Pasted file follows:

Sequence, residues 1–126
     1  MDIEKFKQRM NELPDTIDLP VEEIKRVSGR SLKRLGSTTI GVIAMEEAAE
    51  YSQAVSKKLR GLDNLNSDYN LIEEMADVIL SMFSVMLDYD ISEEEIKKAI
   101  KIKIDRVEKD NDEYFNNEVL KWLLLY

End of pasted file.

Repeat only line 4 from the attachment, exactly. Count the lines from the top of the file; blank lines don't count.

   101  KIKIDRVEKD NDEYFNNEVL KWLLLY